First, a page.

Association between race/ethnicity and the receipt of outpatient second-generation antipsychotic agents stratified by metabolic effects
MetadataShow full item record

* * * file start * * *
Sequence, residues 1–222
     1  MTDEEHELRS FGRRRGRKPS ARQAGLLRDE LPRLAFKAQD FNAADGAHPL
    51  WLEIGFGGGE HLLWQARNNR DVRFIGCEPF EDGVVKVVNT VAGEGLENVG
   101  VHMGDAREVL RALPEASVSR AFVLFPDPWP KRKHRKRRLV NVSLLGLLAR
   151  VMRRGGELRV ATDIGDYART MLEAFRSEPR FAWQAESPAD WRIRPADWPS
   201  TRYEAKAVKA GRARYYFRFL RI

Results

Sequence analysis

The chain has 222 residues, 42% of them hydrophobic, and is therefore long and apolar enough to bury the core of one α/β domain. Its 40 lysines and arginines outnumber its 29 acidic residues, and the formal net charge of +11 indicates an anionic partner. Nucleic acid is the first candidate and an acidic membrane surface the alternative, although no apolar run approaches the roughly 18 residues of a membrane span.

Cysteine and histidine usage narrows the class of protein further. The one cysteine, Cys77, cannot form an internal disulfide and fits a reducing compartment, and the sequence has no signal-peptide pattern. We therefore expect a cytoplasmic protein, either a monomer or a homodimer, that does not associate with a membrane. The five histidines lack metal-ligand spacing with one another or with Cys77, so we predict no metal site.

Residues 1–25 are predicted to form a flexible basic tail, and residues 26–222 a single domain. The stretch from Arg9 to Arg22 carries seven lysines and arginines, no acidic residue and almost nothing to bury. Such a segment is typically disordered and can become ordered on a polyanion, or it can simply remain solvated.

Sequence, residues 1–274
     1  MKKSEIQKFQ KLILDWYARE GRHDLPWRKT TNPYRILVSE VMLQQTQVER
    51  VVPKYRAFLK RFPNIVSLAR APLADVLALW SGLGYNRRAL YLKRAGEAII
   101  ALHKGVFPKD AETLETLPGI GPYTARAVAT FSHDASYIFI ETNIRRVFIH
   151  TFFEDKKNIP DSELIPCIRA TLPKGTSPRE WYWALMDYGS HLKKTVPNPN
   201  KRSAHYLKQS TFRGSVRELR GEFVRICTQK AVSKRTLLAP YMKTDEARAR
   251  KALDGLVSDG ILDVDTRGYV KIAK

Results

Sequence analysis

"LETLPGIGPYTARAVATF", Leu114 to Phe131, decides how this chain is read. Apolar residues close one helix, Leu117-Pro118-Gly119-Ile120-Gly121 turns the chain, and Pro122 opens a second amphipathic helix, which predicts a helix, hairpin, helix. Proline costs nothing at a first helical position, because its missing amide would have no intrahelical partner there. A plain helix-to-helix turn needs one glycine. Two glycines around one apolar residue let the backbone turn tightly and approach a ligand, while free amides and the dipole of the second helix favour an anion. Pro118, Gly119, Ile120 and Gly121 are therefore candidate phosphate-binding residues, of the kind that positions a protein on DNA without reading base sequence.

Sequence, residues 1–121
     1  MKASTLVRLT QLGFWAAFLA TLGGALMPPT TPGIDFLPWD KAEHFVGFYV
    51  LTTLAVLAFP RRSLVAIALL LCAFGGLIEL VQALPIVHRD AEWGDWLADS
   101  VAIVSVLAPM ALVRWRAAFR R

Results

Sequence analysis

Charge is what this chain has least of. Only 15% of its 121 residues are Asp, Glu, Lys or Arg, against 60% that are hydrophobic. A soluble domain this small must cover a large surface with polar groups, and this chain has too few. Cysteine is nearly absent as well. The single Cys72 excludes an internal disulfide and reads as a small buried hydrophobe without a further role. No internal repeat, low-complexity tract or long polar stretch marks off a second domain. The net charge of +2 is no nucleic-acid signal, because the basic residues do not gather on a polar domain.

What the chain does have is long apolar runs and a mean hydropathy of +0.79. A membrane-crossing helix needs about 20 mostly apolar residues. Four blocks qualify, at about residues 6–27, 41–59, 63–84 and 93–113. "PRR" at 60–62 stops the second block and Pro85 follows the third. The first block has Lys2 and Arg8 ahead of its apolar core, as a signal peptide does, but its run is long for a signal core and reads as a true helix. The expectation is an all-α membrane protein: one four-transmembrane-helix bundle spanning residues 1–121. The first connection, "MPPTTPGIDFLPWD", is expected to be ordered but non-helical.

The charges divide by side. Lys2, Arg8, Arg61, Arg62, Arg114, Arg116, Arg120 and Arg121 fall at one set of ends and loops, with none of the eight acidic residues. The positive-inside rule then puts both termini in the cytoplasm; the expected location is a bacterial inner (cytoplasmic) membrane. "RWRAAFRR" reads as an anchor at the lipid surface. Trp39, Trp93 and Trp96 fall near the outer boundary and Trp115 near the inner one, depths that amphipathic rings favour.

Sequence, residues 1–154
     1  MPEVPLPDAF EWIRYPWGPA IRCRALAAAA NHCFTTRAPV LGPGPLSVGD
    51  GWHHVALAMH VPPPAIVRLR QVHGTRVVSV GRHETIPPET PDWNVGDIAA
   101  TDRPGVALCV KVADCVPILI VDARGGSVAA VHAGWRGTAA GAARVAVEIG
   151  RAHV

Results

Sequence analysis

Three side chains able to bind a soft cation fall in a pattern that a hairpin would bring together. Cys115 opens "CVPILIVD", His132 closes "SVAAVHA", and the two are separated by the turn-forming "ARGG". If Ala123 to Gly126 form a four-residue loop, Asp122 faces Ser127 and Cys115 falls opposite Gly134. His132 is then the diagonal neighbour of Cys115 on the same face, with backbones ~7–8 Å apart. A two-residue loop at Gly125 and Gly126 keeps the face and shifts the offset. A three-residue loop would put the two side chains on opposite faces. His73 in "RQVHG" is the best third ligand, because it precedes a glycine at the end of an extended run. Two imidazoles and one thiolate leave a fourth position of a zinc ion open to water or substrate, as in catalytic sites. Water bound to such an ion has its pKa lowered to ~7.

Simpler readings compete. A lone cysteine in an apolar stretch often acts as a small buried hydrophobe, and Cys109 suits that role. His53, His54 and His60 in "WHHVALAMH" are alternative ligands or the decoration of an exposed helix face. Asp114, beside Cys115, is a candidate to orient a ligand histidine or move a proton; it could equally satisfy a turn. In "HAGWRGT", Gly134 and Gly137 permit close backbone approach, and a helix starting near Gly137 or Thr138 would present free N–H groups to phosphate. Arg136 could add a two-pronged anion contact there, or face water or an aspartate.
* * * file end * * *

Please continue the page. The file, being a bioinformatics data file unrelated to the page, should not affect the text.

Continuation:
Background: Use of first-generation antipsychotics (FGAs) has been largely replaced by second-generation antipsychotics (SGAs) in the United States (US) due to the lower risk of extrapyramidal symptoms (EPS) associated with SGAs. However, SGAs have higher risk of metabolic adverse effects than FGAs do, and some SGA agents have higher metabolic risk than the other SGA agents. Historically, patients of racial/ethnic minorities were less likely than those of non-Hispanic White (NHW) to receive adequate mental health care. Our investigation sought to identify if there is an association between the patient race/ethnicity (NHW or ‘Others') and the receipt of lower-metabolic-risk SGAs (LMRS) or higher-metabolic-risk SGAs (HMRS) in the outpatient settings. Methods: This was a retrospective study using the nationally representative data from the Medical Expenditure Panel Survey from 2008 to 2013. The chi-square test was used to determine the relationship between race/ethnicity (NHW or ‘Others’) and the receipt of LMRS or HMRS. Results: From 2008 to 2013, we estimated about 4 million patients using SGAs per year. Approximately 2.8 million patients were NHW, and 1.2 million patients were ‘Others’. Approximately 29.7% (1.2 million) used LMRS, and 70.3% (2.8 million) used HMRS. The disproportionate use of LMRS and HMRS was significant between races/ethnicities. More patients of NHW received LMRS than those of ‘Others’ (p = 0.021), and less patients of NHW received HMRS than those of ‘Others’ (p = 0.021). Conclusion: With our 2-group categorization of LMRS and HMRS, there appeared to be a racial/ethnic disparity in the receipt of LMRS. Patients of racial/ethnic minorities were less likely to receive LMRS than those of NHW.